In 2008, he published the political non-fiction book Black Belt Patriotism: How to Reawaken America, which reached number 14 on the New York Times best seller list in September 2008.[60]

In 2008, Gameloft produced the video gameChuck Norris: Bring On the Pain for mobile devices, based on the popularity Norris had developed on the internet with the Chuck Norris facts.[61] The player takes control of Chuck Norris himself in a side-scrolling beat ’em up. The game was well reviewed.[62][63][64][65] [66]

On October 7, 2009, Tyndale House Publishers issued The Official Chuck Norris Fact Book: 101 of Chuck’s Favorite Facts and Stories, which was co-written and officially endorsed by Norris.[67]

2010s
In 2010, Norris appeared in advertisements for communications company T-Mobile in the Czech Republic.[68]

In 2011, Norris appeared in advertisements for the World of Warcraft video game.[69]

In 2012, Norris appeared in a series of commercials for the Polish bank BZ WBK.[70]

He co-starred in the 2012 sequel to The Expendables, alongside Sylvester Stallone, Jason Statham, Arnold Schwarzenegger, Bruce Willis, Jean-Claude Van Damme, and many other action movie staples.

In October 2014, he revealed that he would be shooting a new film, The Finisher, in March 2015.[71]

In 2015, he appeared in two commercials for the French TV show Pieds dans le plat.[72]

That same year, Norris and his wife Gena founded CForce Bottling Co. after an aquifer was discovered on his ranch.[73]

In 2016, he starred in the commercial for the beer Hoegaarden.[74]

In 2017, he appeared in the advertisement for United Healthcare.[75]

In 2017, Flaregames produced Non Stop Chuck Norris, an isometric action-RPG game for mobile device and is the second game to be based on his popularity developed by the Chuck Norris facts. The game was well reviewed.[76][77][78][79]

In 2017, Chuck Norris became Fiat’s ambassador, a “tough face” for its commercial vehicles. Fiat says Norris embodies four pillars of its business: determination, reliability, dynamism, and competence.[80]

In 2018, Norris appeared in an ad for Hesburger, a Finnish hamburger chain.[81] That year he also did a commercial for Cerveza Poker.[82]

Chuck Norris

Style
Chun Kuk Do, Tang Soo Do, Taekwondo, Brazilian Jiu-Jitsu, Judo
Rank
10th degree black belt Chun Kuk Do
9th degree black belt Tang Soo Do
8th degree black belt Taekwondo
5th degree black belt in Karate
3rd degree black belt in Brazilian Jiu-Jitsu
black belt in Judo
Chun Kuk Do

Distinctions, Awards, and Honors

Norris receiving the Veteran of the Year award by the U.S. Air Force in 2001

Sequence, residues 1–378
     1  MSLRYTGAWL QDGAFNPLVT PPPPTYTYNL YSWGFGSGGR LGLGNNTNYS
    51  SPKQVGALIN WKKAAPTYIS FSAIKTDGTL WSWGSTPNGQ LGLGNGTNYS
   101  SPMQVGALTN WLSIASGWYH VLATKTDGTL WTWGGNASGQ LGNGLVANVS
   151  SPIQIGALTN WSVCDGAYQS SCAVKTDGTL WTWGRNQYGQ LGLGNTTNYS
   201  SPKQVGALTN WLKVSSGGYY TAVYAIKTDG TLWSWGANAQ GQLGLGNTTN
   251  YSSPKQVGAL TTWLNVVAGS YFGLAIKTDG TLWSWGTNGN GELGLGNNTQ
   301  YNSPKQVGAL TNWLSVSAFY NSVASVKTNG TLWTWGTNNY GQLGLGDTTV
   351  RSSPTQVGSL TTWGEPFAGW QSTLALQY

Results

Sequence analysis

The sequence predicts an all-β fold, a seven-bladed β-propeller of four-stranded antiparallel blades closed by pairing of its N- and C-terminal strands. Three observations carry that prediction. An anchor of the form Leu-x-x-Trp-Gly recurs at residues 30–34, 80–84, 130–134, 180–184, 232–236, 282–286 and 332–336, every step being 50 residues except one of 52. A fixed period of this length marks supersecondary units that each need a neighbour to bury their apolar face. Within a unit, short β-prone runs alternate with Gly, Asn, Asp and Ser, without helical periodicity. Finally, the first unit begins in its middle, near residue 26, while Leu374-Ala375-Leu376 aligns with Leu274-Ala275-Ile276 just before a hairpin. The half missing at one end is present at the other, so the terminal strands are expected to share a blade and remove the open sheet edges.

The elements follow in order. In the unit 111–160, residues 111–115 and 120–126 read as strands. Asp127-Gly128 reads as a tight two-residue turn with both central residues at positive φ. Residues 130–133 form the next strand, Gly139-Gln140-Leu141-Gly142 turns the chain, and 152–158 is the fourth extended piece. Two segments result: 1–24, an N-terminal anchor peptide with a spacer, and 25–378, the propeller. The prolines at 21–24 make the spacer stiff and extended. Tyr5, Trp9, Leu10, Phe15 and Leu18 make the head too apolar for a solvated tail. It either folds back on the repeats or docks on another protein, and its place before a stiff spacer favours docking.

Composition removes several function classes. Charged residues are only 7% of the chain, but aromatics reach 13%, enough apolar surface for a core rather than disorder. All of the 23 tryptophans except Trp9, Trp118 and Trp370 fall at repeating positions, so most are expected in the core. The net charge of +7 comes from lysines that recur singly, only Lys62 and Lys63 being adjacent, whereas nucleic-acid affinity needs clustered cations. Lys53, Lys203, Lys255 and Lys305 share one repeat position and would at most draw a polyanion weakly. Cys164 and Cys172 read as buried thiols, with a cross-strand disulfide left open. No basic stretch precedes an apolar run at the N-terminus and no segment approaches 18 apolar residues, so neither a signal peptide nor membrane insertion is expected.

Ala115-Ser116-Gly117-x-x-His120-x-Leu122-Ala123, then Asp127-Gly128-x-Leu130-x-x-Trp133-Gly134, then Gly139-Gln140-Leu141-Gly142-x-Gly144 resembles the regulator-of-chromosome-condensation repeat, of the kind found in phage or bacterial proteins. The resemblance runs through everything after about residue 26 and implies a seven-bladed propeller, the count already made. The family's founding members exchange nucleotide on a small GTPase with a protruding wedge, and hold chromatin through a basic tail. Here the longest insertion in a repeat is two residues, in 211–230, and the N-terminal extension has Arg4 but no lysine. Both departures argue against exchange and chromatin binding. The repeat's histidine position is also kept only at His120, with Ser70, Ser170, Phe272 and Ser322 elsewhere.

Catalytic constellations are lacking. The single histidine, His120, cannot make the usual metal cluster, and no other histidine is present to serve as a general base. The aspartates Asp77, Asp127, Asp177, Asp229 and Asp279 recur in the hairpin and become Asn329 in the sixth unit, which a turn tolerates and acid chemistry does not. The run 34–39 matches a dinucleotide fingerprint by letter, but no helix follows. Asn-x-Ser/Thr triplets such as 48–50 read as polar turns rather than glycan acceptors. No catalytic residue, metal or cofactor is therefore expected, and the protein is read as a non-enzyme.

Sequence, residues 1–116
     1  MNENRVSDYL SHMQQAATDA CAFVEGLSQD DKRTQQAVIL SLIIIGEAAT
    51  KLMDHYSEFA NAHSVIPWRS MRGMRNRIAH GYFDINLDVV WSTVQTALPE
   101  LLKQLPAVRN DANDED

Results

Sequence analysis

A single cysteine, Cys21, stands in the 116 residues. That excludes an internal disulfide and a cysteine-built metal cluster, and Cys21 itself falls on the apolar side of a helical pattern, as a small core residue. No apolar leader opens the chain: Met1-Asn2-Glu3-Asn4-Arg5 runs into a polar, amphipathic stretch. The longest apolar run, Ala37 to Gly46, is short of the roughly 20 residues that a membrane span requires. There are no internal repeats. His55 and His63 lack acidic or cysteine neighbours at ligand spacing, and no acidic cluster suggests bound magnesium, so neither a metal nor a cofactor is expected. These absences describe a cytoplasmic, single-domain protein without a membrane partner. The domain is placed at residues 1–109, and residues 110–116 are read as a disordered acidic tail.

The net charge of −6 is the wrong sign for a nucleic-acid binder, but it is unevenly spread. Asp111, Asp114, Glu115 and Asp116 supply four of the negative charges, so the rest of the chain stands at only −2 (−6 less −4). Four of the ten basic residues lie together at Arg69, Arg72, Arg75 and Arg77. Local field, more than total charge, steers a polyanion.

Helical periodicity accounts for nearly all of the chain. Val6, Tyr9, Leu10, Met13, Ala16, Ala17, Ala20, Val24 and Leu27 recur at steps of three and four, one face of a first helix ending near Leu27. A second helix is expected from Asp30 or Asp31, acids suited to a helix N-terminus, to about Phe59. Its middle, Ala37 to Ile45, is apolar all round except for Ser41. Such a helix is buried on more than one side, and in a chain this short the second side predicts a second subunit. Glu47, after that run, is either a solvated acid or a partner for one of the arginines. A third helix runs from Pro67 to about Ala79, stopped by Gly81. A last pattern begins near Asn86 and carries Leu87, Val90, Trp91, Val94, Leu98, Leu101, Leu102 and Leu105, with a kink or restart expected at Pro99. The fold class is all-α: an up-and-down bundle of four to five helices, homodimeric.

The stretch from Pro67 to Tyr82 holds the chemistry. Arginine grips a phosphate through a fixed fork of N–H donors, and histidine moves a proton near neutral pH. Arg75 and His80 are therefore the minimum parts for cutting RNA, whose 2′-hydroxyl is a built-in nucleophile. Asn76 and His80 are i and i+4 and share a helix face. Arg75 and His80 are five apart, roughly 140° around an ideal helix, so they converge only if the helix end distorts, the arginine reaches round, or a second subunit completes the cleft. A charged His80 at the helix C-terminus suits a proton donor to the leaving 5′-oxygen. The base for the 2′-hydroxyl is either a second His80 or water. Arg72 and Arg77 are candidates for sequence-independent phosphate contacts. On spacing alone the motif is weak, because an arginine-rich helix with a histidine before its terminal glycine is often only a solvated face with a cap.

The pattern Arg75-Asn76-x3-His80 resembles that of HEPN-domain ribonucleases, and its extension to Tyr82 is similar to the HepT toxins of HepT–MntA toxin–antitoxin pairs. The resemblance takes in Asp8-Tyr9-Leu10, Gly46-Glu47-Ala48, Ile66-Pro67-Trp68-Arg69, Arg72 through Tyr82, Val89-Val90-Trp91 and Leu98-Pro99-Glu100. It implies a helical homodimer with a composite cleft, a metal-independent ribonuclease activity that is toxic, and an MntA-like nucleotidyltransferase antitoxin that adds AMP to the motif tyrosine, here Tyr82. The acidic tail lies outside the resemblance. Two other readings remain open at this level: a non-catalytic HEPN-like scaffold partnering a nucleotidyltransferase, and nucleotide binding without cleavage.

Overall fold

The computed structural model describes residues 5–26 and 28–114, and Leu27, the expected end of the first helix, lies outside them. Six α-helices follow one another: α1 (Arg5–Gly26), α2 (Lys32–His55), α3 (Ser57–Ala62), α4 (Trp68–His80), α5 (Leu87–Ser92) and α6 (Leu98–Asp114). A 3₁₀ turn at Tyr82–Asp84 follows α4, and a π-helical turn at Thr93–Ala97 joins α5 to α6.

While in the military, Norris’s rank units were Airman First Class, 15th Air Force, 22d Bombardment Group, and 452d Troop Carrier Wing.

Norris has received many black belts. These include a 10th degree black belt in Chun Kuk Do, a 9th degree black belt in Tang Soo Do, an 8th degree black belt in Taekwondo, a 5th degree black belt in Karate, a 3rd degree black belt in Brazilian jiu-jitsu from the Machado family, and a black belt in Judo.[84]

In 1967, he won the Sparring Grand Champions at the S. Henry Cho’s All American Championship, and won it again the following year.[85]

In 1968, he won the Professional Middleweight Karate champion title, which he held for six consecutive years.[11]

In 1969, he won Karate’s triple crown for the most tournament wins of the year.

In 1969, he won the Fighter of the Year award by Black Belt magazine.

In 1982, he won Action Star of the Year at the ShoWest Convention.

In 1989, he received his Star on the Hollywood Walk of Fame.

Norris made history in 1990 when he was the first Westerner in the documented history of Taekwondo to be given the rank of 8th Degree Black Belt Grandmaster.[86]

In 1992, he won International Box Office Star of the Year at the ShoWest Convention.

In 1997, he won the Special Award of being a Texas legend at the Lone Star Film & Television Awards.

From 1997 to 1998, he won for three consecutive years the BMI TV Music Award at the BMI Awards.

In 1999, Norris was inducted into the Martial Arts History Museum’s Hall of Fame.

In 1999, he was nominated for Favorite Actor in a Drama by the TV Guide Award.

In 1999, he won the Inspirational Acting in Television Award at the Grace Prize Award.[87]

On July 1, 2000, Norris was presented the Golden Lifetime Achievement Award by the World Karate Union Hall of Fame.

In 2001, he received the Veteran of the Year at the American Veteran Awards.[44]

In 2001, he won the Golden Boot and the Golden Boot Awards.

On March 28, 2007, Commandant Gen. James T. Conway made Norris an honorary United States Marine during a dinner at the commandant’s residence in Washington, D.C.[88]

On December 2, 2010, he (along with brother Aaron) was given the title honorary Texas Ranger by Texas Governor Rick Perry.[89]

In 2010, he won the Lifetime Achievement Award at the ActionFest.[90]

In 2017 he was honored as “Honorary Texan” because for many years he has lived at his Texas ranch near Navasota and he starred as Texas Ranger in his movie Lone Wolf McQuade and starred as ranger Cordell Walker in TV series Walker, Texas Ranger.

Personal life

Family
Norris married Dianne Holechek in 1958. In 1962 their first child, Mike, was born. His daughter Dina was born in 1963 out of an extramarital affair.[91] Later, he had a second son, Eric, with his wife in 1964. After 30 years of marriage, Norris and Holechek divorced in 1989, after separating in 1988, during the filming of The Delta Force 2.

On November 28, 1998, he married former model Gena O’Kelley, 23 years Norris’ junior. O’Kelley had two children from a previous marriage. She delivered twins on August 30, 2001: Dakota Alan Norris, a boy, and Danilee Kelly Norris, a girl.[92]

On September 22, 2004, Norris told Entertainment Tonight’s Mary Hart that he did not meet his daughter Dina from a past relationship until she was 26, although she learned that he was her father when she was 16. He met with her after she sent a letter informing him of their relationship.[93]

Norris has thirteen grandchildren as of 2017.[94]

Christianity